Correspondents from France 24 and Al-Jazeera were broadcasting live while rockets were fired right next to them. A number of journalists were threatened with being shot if they did not toe the Hamas line.
The Jerusalem Post reported Hamas threats to journalists from Spain and France. Russia Today's correspondent Harry Fear was reportedly asked to leave Gaza after tweeting that Al-Waifa was "the hospital with human shields".
Yet, during the conflict, did anyone hear a British journalist admit they were reporting under conditions imposed by Hamas – surely a standard protocol and a simple step in ensuring balanced coverage? I do not recall.
Pictures told the terrible tales of Gaza
The images of Gaza with which we were presented remain binary and stark. Israel is a land of soldiers and tanks, gunships and missiles. Gaza is nearly always one of civilians and casualties, victims and children.
Of course, pictures never lie. And it is on these pictures – their domestic constituencies nagging – that politicians like Baroness Warsi, Nick Clegg and Ed Miliband took to their posturing stages.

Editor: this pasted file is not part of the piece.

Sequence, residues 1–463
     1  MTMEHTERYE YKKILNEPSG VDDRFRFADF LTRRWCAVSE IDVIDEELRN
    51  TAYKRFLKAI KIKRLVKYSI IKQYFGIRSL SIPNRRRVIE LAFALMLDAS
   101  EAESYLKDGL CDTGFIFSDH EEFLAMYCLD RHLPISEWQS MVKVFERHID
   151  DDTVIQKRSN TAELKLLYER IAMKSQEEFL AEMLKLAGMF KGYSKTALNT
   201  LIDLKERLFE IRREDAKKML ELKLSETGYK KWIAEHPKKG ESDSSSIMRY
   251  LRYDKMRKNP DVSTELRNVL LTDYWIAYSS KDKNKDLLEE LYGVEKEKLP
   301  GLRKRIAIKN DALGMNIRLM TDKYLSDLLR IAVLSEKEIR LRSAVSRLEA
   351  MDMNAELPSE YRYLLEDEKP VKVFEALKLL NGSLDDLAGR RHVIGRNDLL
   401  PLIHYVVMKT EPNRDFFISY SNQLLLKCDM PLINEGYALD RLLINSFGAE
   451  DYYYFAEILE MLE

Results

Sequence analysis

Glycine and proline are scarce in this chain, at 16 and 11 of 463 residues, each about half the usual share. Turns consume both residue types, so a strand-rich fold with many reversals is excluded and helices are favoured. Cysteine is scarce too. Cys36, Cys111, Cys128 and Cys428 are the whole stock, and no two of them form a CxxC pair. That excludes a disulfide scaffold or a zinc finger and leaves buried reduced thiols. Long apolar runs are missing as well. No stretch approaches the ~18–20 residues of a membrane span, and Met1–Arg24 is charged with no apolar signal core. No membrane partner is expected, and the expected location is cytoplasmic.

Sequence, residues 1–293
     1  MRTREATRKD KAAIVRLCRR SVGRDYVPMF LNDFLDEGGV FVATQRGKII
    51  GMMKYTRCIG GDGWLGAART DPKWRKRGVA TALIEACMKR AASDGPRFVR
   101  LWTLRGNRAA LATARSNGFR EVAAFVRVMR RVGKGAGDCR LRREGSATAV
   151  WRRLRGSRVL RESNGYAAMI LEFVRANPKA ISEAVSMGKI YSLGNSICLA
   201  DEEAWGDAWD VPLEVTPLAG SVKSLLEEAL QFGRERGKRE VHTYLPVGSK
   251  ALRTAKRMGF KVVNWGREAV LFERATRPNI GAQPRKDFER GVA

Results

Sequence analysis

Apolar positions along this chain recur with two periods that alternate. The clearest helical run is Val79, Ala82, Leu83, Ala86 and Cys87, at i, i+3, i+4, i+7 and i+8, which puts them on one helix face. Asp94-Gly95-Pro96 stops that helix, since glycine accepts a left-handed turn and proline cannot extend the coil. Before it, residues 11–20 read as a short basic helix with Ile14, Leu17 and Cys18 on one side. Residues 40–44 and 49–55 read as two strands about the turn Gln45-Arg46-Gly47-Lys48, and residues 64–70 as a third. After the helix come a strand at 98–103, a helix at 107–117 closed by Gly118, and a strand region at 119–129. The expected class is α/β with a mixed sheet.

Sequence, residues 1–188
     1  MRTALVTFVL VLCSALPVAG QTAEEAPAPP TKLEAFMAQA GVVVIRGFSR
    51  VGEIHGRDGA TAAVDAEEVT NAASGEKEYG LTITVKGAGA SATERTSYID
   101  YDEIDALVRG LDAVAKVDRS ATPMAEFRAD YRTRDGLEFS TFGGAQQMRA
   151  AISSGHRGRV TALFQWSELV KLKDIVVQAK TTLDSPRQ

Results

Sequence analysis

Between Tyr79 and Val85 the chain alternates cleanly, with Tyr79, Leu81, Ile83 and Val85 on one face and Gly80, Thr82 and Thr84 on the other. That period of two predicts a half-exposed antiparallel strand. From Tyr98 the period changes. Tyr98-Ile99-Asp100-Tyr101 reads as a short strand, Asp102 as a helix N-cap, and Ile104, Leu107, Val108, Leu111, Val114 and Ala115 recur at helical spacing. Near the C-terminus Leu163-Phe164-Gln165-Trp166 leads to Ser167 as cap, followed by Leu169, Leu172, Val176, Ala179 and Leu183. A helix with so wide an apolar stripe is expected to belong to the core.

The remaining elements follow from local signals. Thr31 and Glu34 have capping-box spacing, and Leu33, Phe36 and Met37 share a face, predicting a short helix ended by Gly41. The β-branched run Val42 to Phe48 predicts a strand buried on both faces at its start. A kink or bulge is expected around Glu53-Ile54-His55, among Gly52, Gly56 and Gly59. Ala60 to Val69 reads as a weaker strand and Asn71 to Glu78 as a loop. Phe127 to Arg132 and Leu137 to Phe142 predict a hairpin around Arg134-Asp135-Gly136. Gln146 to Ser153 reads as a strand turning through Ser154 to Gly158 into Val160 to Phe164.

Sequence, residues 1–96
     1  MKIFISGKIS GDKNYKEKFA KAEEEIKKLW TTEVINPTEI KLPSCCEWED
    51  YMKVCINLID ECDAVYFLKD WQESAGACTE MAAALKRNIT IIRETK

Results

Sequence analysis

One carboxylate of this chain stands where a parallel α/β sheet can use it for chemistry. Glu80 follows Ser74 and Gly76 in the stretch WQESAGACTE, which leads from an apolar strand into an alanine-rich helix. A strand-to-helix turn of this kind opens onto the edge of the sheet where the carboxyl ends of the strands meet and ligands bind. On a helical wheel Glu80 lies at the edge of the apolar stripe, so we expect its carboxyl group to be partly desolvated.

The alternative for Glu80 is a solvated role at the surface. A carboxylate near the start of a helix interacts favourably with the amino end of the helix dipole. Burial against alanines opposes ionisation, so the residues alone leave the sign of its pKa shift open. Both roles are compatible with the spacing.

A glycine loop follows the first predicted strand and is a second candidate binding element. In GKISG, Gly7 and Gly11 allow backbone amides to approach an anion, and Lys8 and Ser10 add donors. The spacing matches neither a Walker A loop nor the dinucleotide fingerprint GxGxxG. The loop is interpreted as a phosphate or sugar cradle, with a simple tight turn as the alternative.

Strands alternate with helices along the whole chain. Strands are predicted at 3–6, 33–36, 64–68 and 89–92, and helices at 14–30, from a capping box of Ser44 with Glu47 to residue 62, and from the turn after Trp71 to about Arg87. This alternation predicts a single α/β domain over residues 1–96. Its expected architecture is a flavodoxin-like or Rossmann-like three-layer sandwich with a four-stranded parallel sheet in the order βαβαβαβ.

I do not see "Israel – right or wrong". But in Israel I can at least see a democracy where dissent is permitted and publicly aired. In Hamas, I see not freedom fighters but terrorists – now prosecuting a much more effective propaganda war.
I hesitate to share my opinions - one brief foray into Twitter provoked replies that swung from the dumb to the threatening – and others have counselled against me saying in public what I believe in private. As a Jew, even a liberal one, I would say that, wouldn't I?
But the alternative is to be bullied into silence, to appease and to ultimately acquiesce. The lessons of history demonstrate this is a dangerous path. Never again.
I resigned my membership of the UK Labour Party as an objection to Miliband's cynical use of the Gaza tragedy for political gain. Earlier this year, l resigned my synagogue membership, admitting I lost my faith. I am left, in many regards, as a stereotypical wandering Jew - but one still determined to seek fairness and balance, where fairness and balance are properly required.